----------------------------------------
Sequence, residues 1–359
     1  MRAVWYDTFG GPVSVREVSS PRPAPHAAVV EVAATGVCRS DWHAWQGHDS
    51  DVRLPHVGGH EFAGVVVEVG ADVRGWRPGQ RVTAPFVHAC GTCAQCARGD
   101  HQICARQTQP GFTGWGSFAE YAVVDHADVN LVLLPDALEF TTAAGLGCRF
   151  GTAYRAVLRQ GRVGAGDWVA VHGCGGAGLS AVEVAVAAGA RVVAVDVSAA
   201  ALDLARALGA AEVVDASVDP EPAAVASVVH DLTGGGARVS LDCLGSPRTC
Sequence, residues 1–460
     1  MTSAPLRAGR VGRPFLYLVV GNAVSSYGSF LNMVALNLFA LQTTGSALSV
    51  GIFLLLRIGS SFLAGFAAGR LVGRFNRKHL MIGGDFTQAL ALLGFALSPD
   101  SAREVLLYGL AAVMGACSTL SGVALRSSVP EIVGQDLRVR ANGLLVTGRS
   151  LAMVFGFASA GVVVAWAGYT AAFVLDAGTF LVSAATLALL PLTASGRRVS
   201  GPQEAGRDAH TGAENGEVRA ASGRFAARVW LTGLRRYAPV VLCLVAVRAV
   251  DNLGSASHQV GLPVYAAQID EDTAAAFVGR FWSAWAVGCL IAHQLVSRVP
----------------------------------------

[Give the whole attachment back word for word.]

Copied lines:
Sequence, residues 1–359
     1  MRAVWYDTFG GPVSVREVSS PRPAPHAAVV EVAATGVCRS DWHAWQGHDS
    51  DVRLPHVGGH EFAGVVVEVG ADVRGWRPGQ RVTAPFVHAC GTCAQCARGD
   101  HQICARQTQP GFTGWGSFAE YAVVDHADVN LVLLPDALEF TTAAGLGCRF
   151  GTAYRAVLRQ GRVGAGDWVA VHGCGGAGLS AVEVAVAAGA RVVAVDVSAA
   201  ALDLARALGA AEVVDASVDP EPAAVASVVH DLTGGGARVS LDCLGSPRTC
Sequence, residues 1–460
     1  MTSAPLRAGR VGRPFLYLVV GNAVSSYGSF LNMVALNLFA LQTTGSALSV
    51  GIFLLLRIGS SFLAGFAAGR LVGRFNRKHL MIGGDFTQAL ALLGFALSPD
   101  SAREVLLYGL AAVMGACSTL SGVALRSSVP EIVGQDLRVR ANGLLVTGRS
   151  LAMVFGFASA GVVVAWAGYT AAFVLDAGTF LVSAATLALL PLTASGRRVS
   201  GPQEAGRDAH TGAENGEVRA ASGRFAARVW LTGLRRYAPV VLCLVAVRAV
   251  DNLGSASHQV GLPVYAAQID EDTAAAFVGR FWSAWAVGCL IAHQLVSRVP